I am utterly fortunate enough to belong to a family who believes travel to be one of the most wonderful, necessary things a person can experience. Grams took me on my first cruise to the Bahamas. Later, when I was twelve, she pulled me out of school and took me on another cruise. We sailed on the Queen Elizabeth II (QE2) to Portugal, France, and England. There was an injured crew mate of a fishing boat that our cruise ship picked up (being the closest boat to them), and we diverted to the Azores for a short time. I remember being sent below deck as we approached the boat, and trying to catch a glimpse through the windows with the rest of the passengers. My twelve-year-old self imaged our crew and theirs, unable to speak the same language, but doing everything they could to help each other for the sake of saving the man who was injured. The entire trip opened my eyes to what the world offered and could be.

Grams & I boarding the QE2. | April, 2001
Grams & I boarding the QE2. | April, 2001
Me in front of the Batalha Monastery in Batalha, Portugal. | April, 2001
Me in front of the Batalha Monastery in Batalha, Portugal. | April, 2001

Years later, my dad offered my brother and I a deal when we graduated high school: if we got scholarships, were accepted into (and intended on going to) college, and made no major mistakes in life thus far, he would take us anywhere in the world we wanted to go for two weeks. My brother chose Scotland to golf at Saint Andrew’s. I chose New Zealand – where The Lord of the Rings had been recently filmed.

Dad & I in Rotorua, northern New Zealand. | June, 2011
Dad & I in Rotorua, northern New Zealand. | June, 2011

Not to be outdone, when I graduated college Grams offered me the same deal. We went to South Africa.

Grams & I in front of hippos in Kruger National Park, South Africa. | October, 2011
Grams & I in front of hippos in Kruger National Park, South Africa. | October, 2011

After college, I tried to find some sort of adult stability and didn’t travel for a while. Then I met Matt and we bonded over a desire to experience more of the world. Over the next three years we explored Seattle, Boston, Savannah, Washington D.C., Chicago, and Denver. We drove across the country when we moved to Seattle, hitting a number of states neither of us had ever been to before.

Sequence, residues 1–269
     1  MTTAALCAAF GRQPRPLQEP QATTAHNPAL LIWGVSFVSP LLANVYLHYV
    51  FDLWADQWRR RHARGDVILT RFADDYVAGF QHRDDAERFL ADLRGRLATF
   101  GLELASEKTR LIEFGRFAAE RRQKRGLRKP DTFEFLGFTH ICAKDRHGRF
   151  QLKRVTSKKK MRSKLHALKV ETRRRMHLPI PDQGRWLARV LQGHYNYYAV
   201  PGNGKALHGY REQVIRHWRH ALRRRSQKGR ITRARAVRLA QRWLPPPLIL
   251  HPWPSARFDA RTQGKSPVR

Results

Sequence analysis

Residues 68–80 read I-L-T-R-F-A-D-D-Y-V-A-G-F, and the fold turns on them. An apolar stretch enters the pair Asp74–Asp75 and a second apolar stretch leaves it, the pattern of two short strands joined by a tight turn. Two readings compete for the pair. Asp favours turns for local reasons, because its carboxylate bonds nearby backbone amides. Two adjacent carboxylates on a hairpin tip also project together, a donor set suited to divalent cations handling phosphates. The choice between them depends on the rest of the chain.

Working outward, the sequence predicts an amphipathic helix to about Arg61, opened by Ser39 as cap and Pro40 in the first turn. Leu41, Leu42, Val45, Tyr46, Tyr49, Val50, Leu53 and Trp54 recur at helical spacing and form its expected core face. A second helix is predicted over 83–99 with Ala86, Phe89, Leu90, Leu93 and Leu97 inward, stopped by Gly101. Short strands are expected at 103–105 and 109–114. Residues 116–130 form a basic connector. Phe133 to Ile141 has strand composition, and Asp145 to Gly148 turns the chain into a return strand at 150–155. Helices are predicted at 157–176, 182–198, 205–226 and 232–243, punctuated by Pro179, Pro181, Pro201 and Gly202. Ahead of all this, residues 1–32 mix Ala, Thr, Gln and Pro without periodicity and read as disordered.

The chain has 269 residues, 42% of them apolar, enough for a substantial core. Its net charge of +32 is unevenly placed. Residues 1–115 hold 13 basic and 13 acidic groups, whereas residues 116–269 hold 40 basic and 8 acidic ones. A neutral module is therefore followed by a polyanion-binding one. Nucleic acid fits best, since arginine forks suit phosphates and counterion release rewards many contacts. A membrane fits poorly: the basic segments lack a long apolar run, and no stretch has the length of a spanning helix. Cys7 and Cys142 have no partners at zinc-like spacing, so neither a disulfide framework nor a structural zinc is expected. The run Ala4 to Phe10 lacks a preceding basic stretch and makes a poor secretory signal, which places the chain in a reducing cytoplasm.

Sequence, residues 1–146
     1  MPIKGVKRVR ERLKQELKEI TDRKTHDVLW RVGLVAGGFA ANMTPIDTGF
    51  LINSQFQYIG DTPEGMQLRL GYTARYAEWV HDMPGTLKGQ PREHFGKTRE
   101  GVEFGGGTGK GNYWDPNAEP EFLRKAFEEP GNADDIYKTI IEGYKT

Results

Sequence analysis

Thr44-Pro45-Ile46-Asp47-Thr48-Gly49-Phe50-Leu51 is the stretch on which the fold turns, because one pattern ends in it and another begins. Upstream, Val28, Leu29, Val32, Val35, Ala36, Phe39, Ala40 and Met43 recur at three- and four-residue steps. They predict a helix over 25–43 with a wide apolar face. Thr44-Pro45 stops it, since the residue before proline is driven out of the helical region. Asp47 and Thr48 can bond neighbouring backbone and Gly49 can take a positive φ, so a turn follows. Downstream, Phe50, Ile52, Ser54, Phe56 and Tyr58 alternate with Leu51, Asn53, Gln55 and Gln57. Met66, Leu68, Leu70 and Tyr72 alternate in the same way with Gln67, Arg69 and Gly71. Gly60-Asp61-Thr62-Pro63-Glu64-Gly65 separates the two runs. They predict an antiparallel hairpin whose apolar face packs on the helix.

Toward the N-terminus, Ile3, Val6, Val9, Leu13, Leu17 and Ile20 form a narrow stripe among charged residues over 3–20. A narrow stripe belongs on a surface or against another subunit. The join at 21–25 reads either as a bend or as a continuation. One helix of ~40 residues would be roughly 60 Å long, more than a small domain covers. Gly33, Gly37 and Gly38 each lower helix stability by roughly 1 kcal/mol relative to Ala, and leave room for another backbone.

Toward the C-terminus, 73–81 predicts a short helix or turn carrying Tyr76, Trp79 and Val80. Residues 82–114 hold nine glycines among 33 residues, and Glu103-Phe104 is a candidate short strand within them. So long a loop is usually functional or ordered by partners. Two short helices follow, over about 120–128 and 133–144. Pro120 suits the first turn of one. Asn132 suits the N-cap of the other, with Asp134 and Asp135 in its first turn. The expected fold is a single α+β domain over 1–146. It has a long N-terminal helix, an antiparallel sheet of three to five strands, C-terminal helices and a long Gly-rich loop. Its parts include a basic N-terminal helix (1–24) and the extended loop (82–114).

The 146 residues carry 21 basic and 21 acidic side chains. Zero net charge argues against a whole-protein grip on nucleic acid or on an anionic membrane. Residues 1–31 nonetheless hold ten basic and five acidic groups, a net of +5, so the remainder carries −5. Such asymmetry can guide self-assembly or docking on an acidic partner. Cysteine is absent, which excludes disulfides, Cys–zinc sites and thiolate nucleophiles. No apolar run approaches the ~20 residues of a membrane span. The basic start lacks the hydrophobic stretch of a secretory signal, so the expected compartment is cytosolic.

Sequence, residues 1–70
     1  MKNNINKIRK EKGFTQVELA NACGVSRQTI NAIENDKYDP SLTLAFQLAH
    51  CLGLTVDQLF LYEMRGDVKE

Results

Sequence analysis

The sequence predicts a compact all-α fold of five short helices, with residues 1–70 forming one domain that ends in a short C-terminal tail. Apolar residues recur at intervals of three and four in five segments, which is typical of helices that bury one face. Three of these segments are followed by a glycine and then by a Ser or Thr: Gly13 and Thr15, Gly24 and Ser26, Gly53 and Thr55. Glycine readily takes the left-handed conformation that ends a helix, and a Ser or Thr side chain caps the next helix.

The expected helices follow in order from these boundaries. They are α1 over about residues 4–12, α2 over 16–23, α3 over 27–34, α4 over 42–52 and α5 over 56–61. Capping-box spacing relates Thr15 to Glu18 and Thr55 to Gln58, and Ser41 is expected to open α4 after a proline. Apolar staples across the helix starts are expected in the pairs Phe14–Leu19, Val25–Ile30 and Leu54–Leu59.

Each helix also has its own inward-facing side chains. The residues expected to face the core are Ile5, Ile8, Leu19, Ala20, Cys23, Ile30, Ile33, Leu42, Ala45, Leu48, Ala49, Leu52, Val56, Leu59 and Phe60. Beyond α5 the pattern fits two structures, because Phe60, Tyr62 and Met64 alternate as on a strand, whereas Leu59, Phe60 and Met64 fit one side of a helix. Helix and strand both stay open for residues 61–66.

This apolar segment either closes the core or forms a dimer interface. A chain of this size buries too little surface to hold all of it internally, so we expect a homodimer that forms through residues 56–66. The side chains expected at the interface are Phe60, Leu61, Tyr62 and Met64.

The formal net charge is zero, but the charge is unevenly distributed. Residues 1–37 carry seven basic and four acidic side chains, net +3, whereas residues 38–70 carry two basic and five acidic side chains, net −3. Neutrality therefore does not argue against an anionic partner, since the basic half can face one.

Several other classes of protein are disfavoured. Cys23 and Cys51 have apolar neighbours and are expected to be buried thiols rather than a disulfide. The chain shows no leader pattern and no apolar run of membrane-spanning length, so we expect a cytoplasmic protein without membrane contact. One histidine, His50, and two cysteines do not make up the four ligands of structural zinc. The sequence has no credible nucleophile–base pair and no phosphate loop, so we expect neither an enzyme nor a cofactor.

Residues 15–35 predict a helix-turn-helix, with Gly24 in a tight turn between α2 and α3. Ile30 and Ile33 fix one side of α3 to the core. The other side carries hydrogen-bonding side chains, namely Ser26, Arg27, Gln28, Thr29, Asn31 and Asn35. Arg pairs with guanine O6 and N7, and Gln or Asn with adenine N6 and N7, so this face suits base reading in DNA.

The need to travel began to creep into my being again when I was asked to travel for work last November. I agreed immediately, and spent three weeks assisting training sessions in Honduras. This was my first trip internationally traveling on my own. I had coworkers around once I landed, but this milestone was one I was quite proud of.

Me in San Pedro Sula, Honduras. | November, 2015
Me in San Pedro Sula, Honduras. | November, 2015
Me upon seeing my first pyramids at Copán. | November, 2015
Me upon seeing my first pyramids at Copán. | November, 2015

Now, a few months shy of Matt and my four year anniversary, we’ll be traveling internationally together. It’s been nearly a year since we left this city, and we’re both anxious to be somewhere new for a while. We’ll be spending nearly two weeks in the U.K. split between England and Wales. Our trip will end with my friend’s wedding, which set in motion this entire adventure.

So what will become of this wanderlust?

Such as we do as individuals and as a couple, I want to do as a family. I want to pass on this love of travel to our future child(ren). Part of my dad’s deal to my brother and I after high school was that we’d also pay it forward – that we’d be able to offer the same deal to kids of our own.

I believe traveling and all its wonders and hassles makes a person grow to be a better version of themselves. You become acutely aware of how small you are in comparison to the world. To me, this humbles me and makes me feel connected to everything and everyone – that no matter the city, country, or language, people are fundamentally similar. Traveling has taught me respect, patience, and a new found appreciation for where ever it is that I call home.

My dad once uttered a phrase we now repeat back to each other after visiting new places and/ or meeting new people: the more you travel, the smaller the world gets. You realize how closely everyone is connected; distant places have been the reality of someone who you may see every day, or someone you met for a short time at an event. The more you travel, the Six Degrees of Separation almost seem like too many.

The melting pot of my upbringing, the strange national identity I developed, and the legacy I want to leave have made me the person I am today. I’ve said yes to trips and adventures, encouraging everyone I meet to do the same.

Nothing in this world compares to traveling. I have found nothing as fulfilling, cleansing, or enriching. It’s been too long since I set out for the unknown, and I can’t wait to share my experiences with you.

See you soon, Wanderlust.